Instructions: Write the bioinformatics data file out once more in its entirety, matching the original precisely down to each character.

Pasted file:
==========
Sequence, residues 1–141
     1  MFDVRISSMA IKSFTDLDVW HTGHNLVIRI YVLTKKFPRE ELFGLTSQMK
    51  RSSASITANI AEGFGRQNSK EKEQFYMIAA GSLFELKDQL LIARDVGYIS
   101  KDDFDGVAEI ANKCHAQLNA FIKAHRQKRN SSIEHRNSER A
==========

Sequence, residues 1–141
     1  MFDVRISSMA IKSFTDLDVW HTGHNLVIRI YVLTKKFPRE ELFGLTSQMK
    51  RSSASITANI AEGFGRQNSK EKEQFYMIAA GSLFELKDQL LIARDVGYIS
   101  KDDFDGVAEI ANKCHAQLNA FIKAHRQKRN SSIEHRNSER A